When nothing exists and life is an illusion but there’s also multiple universes but it’s all just false and a dream caused by you being the universe keeping itself entertained but there’s also bugs inside you digging around but what if you’re just a ghost but what if i this is a dream but you can see yourself in the mirror except that’s Not You™
After seven years or so they developed Rampancy. The symptoms of which include multiple personalities, delusions of Godlike power and contempt for their human creators. Sounds like puberty right Mum. (I’m so sorry)
Hi everyone, been a while since I posted a “How to” update about psychosis. The idea for this one came to me from a reader who contacted me who has a relative with schizophrenia and had problems approaching them when they were delusional. I would first like to clear up what I think are a few misconceptions about what a psychotic person is like, then I will get into my tips of how to approach them.
So, what exactly makes a person “psychotic”? It is when they are actively experiencing symptoms of psychosis. This is including, but not limited to, hallucinating, being delusional, or having disconnected thoughts and speech patterns. If you are familiar with what these are, you should be able to very quickly tell if a person is psychotic. For example, if someone says, “The voices are so mean to me today. I wish they’d be quiet.” then they’re probably hallucinating. If someone says, “The government wants me dead. They put up cameras in my house and are watching my every move.” then they’re definitely delusional. If someone is talking and their speech patterns make no sense whatsoever, chances are their thinking is pretty disconnected due to psychosis. “Psychotic” is NOT a synonym for “dangerous” or “deadly”. A large majority of the time, a psychotic person is much more of a risk to themselves than to anyone else. So just because a person is experiencing psychosis doesn’t mean they want to kill someone (it rarely does). There are certain delusions where a person can become dangerous to others, but on the whole, those kinds of delusions are fairly infrequent. Unless the psychotic person specifically expresses a desire to harm others, there’s really no reason to fear them.
One note I’d like to make about delusions; something I read in a book. In the most strongly delusional person, it may be impossible to get them to believe their delusions aren’t true. This is not to say you should instantly give up on trying to help delusional people; it’s just saying that in some cases, there is not much you can do.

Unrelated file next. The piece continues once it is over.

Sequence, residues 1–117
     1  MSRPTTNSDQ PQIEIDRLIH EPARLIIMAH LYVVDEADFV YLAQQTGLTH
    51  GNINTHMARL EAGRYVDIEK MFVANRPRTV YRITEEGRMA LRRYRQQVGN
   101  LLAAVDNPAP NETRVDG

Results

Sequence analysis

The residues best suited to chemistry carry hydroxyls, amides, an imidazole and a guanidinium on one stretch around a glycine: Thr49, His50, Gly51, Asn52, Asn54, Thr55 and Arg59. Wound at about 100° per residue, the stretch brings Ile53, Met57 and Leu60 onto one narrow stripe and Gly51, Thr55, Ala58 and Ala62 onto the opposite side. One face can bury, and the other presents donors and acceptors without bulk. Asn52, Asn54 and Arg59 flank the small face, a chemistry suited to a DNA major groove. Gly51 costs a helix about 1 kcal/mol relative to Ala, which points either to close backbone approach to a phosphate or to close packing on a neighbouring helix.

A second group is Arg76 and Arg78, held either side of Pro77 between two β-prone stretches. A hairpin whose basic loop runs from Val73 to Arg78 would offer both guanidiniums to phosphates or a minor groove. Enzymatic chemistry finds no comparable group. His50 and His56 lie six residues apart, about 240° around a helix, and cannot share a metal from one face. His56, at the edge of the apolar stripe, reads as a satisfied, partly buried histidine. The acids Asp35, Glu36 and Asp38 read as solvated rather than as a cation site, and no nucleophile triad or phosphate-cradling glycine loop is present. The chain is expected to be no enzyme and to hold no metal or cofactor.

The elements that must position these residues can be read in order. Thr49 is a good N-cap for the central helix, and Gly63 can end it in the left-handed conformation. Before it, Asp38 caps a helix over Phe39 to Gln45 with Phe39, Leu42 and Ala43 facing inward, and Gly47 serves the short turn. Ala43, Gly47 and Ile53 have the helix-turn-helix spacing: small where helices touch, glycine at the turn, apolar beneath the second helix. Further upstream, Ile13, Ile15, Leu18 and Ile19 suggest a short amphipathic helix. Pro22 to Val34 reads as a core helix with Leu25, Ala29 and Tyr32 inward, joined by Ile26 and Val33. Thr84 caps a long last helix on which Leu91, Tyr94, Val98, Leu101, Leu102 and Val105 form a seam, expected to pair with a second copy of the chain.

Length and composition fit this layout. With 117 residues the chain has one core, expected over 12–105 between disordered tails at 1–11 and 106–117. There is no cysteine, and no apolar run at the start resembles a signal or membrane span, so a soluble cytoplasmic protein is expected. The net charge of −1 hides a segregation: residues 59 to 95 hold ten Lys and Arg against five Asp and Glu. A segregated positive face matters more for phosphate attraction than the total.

Onto the tips of how to talk to a psychotic person:
1) If they’re hallucinating. It’s first best to recognize how the hallucinations are making them feel. Hallucinations are typically very scary. If someone says, “The voices are scaring me”, tell them, “I’m sorry you feel scared, how can I help?” Don’t make them feel like their feelings are invalid. Next, this is the part why you try to tell them that their hallucination isn’t really there. This is not easy to do. Don’t straight up say “They’re not real. Get over it.” because that will not do anything to benefit the psychotic person. Approach them gently. Say something like, “I understand you are hearing voices right now, and I know it must be scary. However, I personally don’t hear anything.You are most likely hallucinating right now.” This approach should be good for any hallucination. Like for me, I usually have visual hallucinations that I call demons. So I’d say something like “I see demons right now, I feel like they want to kill me.” and my boyfriend says something like “Remember, you have schizophrenia. What you’re seeing right now is a hallucination. Don’t worry dude, there’s nothing here that will hurt you.” and usually after talking about it a little bit, I recognize that they’re hallucinations and get through it. The best way to talk someone through a hallucination is to be understanding of how they’re feeling, and gentle when you tell them what they’re experiencing isn’t real.
2) If they’re delusional. Use logic. Be direct and firm, but not harsh. I already gave one example of how to talk to a delusional person in a previous post, so I’ll use a different example here. Let’s say the delusional person tells you, “I refuse to use my laptop because it is wired to read my thoughts and broadcast them to other people.” Tell them something like, “Here’s the thing. Technology only has the ability to do what a person tells it to; it can’t act on its own.Your laptop, it can only do an action after you input something that tells it to do the action. It is limited to doing what a person tells it to do; it can’t do anything else.” Notice that in the answer, there’s no straightforward “you’re wrong”. It’s all logic based, and truthful. The answer does not skirt around the issue, it directly addresses the person’s fears. But it does not try and make them feel “crazy” or “stupid”; it merely suggests an alternative, more real way of thinking about the issue. That’s the important part: don’t make a delusional person feel bad about the way they are thinking. Instead, suggest different ways of viewing a situation that makes them think more in reality.
I personally don’t have much experience with the disconnected speech psychosis, so I don’t feel comfortable giving advice on how to deal with it. If anyone has any experience with this, feel free to reblog with advice or send me a message with the advice and I’ll post it in a separate blog post.
That’s all for this “How to”. If you have any additional advice, feel free to reblog or message me and I’ll do a follow-up post to this one with reader advice.